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  • Writer's pictureMatt Conway

Blacklight: Review

Blacklight Synopsis: Travis Block (Liam Neeson), a shadowy government agent who specializes in removing operatives whose covers have been exposed, uncovers a deadly conspiracy within his own ranks that reaches the highest echelons of power.

With the new year underway, it’s no surprise that the Liam Neeson action movie locomotive continues to press forward. Everyone by now knows about Neeson’s transition from sturdy character actor to relentless action star, with Neeson balancing an eclectic blend of straightfaced thrillers (The Grey and Run All Night) and campy action romps (The Commuter and Non-Stop) across the last 13 years.

Despite the roaring success, the star’s action movie empire is starting to run out of gas. Forgettable Redbox fodder like The Marksman and Honest Thief represented an unfortunate turn away from the high-concept projects that morphed Neeson into an action movie fixture in the first place. Heck, even Neeson himself is starting to hint at his retirement from these familiar everyman roles. Before that happens, Neeson is back on the big screen with the political conspiracy thriller Blacklight.

Repurposing a narrative centered around political malpractice into the action movie mold is a promising enough concept for writer/director Mark Williams (who co-wrote the screenplay with Nick May). Unfortunately for Neeson (and the audience), Blacklight represents another run-of-the-mill actioner stuck in autopilot.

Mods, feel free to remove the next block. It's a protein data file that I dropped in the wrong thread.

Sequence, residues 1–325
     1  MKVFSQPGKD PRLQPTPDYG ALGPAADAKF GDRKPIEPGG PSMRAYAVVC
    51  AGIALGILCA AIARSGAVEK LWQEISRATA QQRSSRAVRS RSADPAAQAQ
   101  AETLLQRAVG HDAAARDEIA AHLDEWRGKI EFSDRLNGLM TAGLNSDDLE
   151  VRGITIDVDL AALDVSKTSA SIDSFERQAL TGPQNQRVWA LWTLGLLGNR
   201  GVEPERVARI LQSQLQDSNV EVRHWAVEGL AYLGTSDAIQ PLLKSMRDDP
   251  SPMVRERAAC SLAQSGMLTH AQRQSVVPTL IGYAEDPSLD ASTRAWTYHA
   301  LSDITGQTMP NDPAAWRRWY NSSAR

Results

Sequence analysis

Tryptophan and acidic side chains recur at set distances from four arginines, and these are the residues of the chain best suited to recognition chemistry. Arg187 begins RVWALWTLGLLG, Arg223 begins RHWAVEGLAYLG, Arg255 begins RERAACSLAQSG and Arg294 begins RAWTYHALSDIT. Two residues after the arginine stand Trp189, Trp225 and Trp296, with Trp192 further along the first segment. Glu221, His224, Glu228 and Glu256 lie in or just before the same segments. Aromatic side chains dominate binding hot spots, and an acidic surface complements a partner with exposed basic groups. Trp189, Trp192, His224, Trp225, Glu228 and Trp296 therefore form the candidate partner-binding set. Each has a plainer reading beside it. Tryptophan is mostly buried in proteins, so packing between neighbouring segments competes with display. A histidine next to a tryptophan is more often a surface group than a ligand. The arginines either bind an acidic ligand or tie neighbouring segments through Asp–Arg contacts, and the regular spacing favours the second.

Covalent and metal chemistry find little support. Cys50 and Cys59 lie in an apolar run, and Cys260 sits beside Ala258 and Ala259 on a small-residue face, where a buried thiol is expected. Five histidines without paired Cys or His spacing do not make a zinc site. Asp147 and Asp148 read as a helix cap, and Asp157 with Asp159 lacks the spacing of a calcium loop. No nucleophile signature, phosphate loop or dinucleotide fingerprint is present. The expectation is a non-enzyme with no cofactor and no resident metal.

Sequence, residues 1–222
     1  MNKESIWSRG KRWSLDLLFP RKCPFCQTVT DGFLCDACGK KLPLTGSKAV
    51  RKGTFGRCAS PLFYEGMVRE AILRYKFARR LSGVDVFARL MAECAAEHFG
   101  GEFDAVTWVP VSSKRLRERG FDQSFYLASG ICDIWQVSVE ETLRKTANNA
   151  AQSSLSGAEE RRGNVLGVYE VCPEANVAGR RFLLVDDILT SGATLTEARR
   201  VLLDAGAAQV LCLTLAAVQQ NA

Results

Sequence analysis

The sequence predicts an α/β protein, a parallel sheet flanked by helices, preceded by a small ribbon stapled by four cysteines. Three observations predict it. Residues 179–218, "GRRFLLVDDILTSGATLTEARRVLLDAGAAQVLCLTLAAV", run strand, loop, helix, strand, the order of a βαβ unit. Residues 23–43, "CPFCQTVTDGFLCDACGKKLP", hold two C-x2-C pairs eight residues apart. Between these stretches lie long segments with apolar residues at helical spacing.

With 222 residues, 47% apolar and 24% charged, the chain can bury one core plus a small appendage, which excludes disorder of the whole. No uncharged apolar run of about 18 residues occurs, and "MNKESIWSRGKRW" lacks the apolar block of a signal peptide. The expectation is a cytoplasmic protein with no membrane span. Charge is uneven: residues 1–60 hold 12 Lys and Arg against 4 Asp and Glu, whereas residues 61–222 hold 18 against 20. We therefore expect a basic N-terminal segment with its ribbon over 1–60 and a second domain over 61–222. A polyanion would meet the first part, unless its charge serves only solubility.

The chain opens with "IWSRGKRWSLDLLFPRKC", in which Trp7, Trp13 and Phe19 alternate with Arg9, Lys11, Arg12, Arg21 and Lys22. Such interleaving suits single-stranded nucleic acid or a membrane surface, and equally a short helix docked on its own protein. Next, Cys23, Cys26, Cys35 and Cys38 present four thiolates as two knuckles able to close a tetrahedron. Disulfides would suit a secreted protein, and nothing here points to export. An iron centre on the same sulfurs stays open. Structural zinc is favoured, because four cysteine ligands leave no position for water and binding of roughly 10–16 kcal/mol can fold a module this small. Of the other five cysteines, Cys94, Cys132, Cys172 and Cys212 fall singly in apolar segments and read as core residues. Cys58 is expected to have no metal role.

Williams, who also crafted the pleasant yet banal Honest Thief, continues to struggle in his transition to the big screen (he’s most known as the creator of the smash streaming success Ozark). His direction discerns no distinctive traits, often relying upon cheap stylistic gimmicks and flat shot selections in a desperate attempt to conjure some momentum. Unless you consider gunshot flashes or cheaply-produced quick edits exciting, Blacklight will likely put most action fans to sleep with its played-out setpieces. The car chases are uneventful in their simplistic design, while Neeson’s hand-to-hand fights suffer from constantly hiding the obvious stunt double in his place.

Blacklight’s political intrigue feels equally weightless. While Honest Thief’s robber-with-a-heart-of-gold B-plot presented some charm in its low-key approach, Willaims seems way over his head in trying to convey the revolving intrigue of political corruption. Blacklight never meaningfully engages with its central conceits, utilizing its zeitgeist ideas as a vapid platform for thrills without much care. There are a few intriguing wrinkles throughout – like Travis’ OCD mannerisms representing an over dedication to his craft and a journalist trying to maneuver the industry’s crooked undertones- yet Williams either doesn’t know or doesn’t care to incorporate actual complexion into these plot threads.

Everything combines to make a remarkably middling endeavor. Williams lays out a predictable web of twists and turns that constantly lags one step behind the audience. Fittingly enough, Neeson’s onscreen presence seems just as unenthused as the viewers stuck watching the film. The star isn’t necessarily bad in his everyman role, but it’s the type of stern macho-man we’ve seen Neeson run his course playing.

Blacklight represents another disappointing step down in quality and creativity for Neeson’s action star tenure. Even as a diehard fan of disposable actioners, I think it may be time for Neeson to call it a career as a man with a “particular set of skills.”


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